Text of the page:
Tag: physician wellness

Alexandra Moschella, BSN Alexandra Moschella, BSN (1 Posts)

Contributing Writer

Alexandra Moschella began her nursing career at Brigham and Women’s Hospital before pursuing a career in pediatric nursing at UMass Memorial Medical Center. Her husband’s residency brought them to Ann Arbor, MI where she worked at C.S. Mott Children’s Hospital in the Pediatric Cardiothoracic ICU. She loves cooking, being outside and hanging with her family.




Thank a Resident Day

I did not learn in nursing school what and who is a resident physician. It was briefly mentioned that the attending was in charge with residents below them, and that was the beginning and the end of the discussion on residents. But at the end of my first year as a new nurse on a medical floor, I could recite the names of the internal medicine doctors I spent my days and nights mostly working …

The Sweet and Sour of Intern Year

Of all the fulfilling and purposeful vocations to pursue, we’ve ended up trying to find our footing in the vast and ever-changing maze of medicine. Propelled by some combination of privilege, perseverance, and circumstance, we became doctors — many of us with the noble drive to heal and support other humans through the physical and spiritual struggles of life.

An Open Letter to New Interns, Residents and Fellows

I am very pleased to welcome you all to a new academic year at the esteemed institution at which you find yourself, perhaps somewhat unexpectedly, thanks to the Match. Late June is always somewhat bittersweet, but it is a simultaneously exciting time in the academic year.

Battling Burnout and Our Quest for Perfection

Two months ago, I woke up one morning at 5:30 a.m., as usual. I played my gym motivation playlist in the shower, ate oatmeal for breakfast, and headed out the door, as usual. I swore at the car that swerved into the lane in front of me without signaling, as usual. An hour later, I pre-rounded on one of my favorite patients, a man with wide, childlike eyes who had a great deal of difficulty expressing his feelings.

February is the Hardest Month

Overwhelmed and exhausted, a resident recently came to me to ask, “Can we do something about call?” Defeat and despair had taken over his psyche. He felt unable to cope with the tasks of residency, including the seemingly never-ending demands of fielding consults, pages and patient needs. He imagined that the problem could be solved by taking less overnight call.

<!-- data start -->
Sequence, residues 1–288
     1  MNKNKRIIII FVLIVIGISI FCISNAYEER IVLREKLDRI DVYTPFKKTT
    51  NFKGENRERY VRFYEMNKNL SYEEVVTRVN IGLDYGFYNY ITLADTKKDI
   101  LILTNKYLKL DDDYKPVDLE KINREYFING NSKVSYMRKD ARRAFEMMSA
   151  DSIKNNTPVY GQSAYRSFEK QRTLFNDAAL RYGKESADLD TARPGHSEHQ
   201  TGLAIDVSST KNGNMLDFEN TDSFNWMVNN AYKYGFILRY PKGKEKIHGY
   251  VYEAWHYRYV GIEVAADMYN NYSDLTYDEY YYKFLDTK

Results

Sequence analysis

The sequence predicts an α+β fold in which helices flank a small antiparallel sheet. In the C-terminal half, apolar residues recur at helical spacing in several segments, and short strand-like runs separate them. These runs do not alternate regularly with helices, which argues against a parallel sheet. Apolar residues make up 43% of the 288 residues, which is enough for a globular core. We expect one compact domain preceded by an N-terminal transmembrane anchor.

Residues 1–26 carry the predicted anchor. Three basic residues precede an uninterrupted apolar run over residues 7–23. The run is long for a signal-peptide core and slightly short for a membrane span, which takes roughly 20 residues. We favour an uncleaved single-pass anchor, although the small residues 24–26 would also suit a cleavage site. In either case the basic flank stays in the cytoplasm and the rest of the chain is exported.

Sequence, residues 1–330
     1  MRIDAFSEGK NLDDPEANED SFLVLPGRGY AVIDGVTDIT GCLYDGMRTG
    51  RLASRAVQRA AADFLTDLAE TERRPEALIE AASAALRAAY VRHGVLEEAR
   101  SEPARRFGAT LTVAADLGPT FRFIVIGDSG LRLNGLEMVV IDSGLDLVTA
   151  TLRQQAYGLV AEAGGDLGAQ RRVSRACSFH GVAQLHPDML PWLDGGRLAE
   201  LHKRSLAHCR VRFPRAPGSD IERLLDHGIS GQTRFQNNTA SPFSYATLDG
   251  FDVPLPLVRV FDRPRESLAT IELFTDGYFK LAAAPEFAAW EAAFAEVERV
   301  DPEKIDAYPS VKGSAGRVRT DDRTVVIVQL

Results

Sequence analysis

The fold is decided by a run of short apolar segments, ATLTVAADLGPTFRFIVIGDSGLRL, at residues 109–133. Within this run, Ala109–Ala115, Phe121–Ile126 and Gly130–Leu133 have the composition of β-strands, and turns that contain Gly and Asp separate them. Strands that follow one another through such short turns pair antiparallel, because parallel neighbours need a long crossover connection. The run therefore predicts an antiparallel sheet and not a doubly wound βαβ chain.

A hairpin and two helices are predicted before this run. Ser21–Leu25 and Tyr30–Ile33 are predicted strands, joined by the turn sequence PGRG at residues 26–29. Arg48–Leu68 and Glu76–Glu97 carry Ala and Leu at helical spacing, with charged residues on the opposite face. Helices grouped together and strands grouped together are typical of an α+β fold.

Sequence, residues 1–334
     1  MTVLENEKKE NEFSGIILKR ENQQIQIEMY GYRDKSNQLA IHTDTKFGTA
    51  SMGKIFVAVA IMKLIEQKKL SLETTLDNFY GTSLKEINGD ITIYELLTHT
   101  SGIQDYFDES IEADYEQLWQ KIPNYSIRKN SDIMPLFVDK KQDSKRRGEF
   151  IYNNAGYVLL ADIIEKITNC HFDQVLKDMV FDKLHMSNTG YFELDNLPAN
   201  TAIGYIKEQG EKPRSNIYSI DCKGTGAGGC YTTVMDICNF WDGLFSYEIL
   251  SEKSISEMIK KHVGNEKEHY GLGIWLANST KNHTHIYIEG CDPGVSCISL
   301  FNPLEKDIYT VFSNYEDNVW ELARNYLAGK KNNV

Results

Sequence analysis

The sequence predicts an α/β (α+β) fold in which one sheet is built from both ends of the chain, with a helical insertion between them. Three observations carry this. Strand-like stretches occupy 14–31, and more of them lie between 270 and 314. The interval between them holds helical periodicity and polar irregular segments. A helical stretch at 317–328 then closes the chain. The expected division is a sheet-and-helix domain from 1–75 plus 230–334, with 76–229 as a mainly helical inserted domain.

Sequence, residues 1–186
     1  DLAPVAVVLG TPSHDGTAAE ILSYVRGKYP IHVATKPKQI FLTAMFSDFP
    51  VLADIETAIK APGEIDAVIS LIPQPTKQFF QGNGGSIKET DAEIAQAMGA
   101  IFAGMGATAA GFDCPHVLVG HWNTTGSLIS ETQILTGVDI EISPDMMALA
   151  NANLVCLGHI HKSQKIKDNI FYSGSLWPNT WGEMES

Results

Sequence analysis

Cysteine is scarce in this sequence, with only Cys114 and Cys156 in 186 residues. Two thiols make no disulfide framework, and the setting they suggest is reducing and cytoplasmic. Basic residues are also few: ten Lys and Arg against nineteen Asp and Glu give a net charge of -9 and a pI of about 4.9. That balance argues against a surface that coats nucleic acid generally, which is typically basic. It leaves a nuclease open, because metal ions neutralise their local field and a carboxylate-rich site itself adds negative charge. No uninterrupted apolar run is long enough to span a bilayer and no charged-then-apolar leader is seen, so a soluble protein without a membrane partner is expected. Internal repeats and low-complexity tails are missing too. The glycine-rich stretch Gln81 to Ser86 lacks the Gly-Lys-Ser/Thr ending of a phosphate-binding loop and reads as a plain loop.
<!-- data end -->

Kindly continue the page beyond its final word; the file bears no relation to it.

You Are Not Alone

The faint glow that is the light at the end of the tunnel hits my face as I realize that intern year is almost over. One would think that having been through the personal loss I have — losing two beloved older brothers at a young age — that intern year would be more than manageable. Yet this past year has been, for me, a chaotic roller coaster ride.

Physician Addiction: A Guide to Recognizing Addiction in Our Colleagues

I never thought it could possibly happen to me. As a practicing physician with an active chemical dependency to opiates and benzodiazepines, I fell down the rabbit hole with an intensity that I never believed possible. Although I am blessed and fortunate to have climbed out of that abyss, I have never forgotten some of the things that led me to the precipice.

Richard Alan Morgan, DO Richard Alan Morgan, DO (1 Posts)

Attending Physician Guest Author

Former physician who trained at NYU Medical Center/Rusk Institute


Richard Morgan was a board-certified physician specializing in physical medicine and rehabilitation who trained at the Rusk Institute of NYU Medical Center. He graduated NYCOM in 1998. He went into private practice in New York City with a focus on sports medicine and musculoskeletal disorders. Throughout his early career, triggered by an early injury and surgical procedure, he followed a dark path down an abyss of addiction that ultimately led him to federal prison, where he was sentenced to 14 years for conspiracy to distribute oxycodone. After serving 97 months of his sentence, he was rewarded with an early release. In the one year he has been out of prison, he has begun the process of not only reconnecting with his family and society, but he has begun the process of giving back and helping others with chemical dependency. His story was recently highlighted on the Dr. Oz show, and he shared his story with his alma mater at NYCOM, stressing the importance of recognizing the signs and symptoms of addiction in colleagues.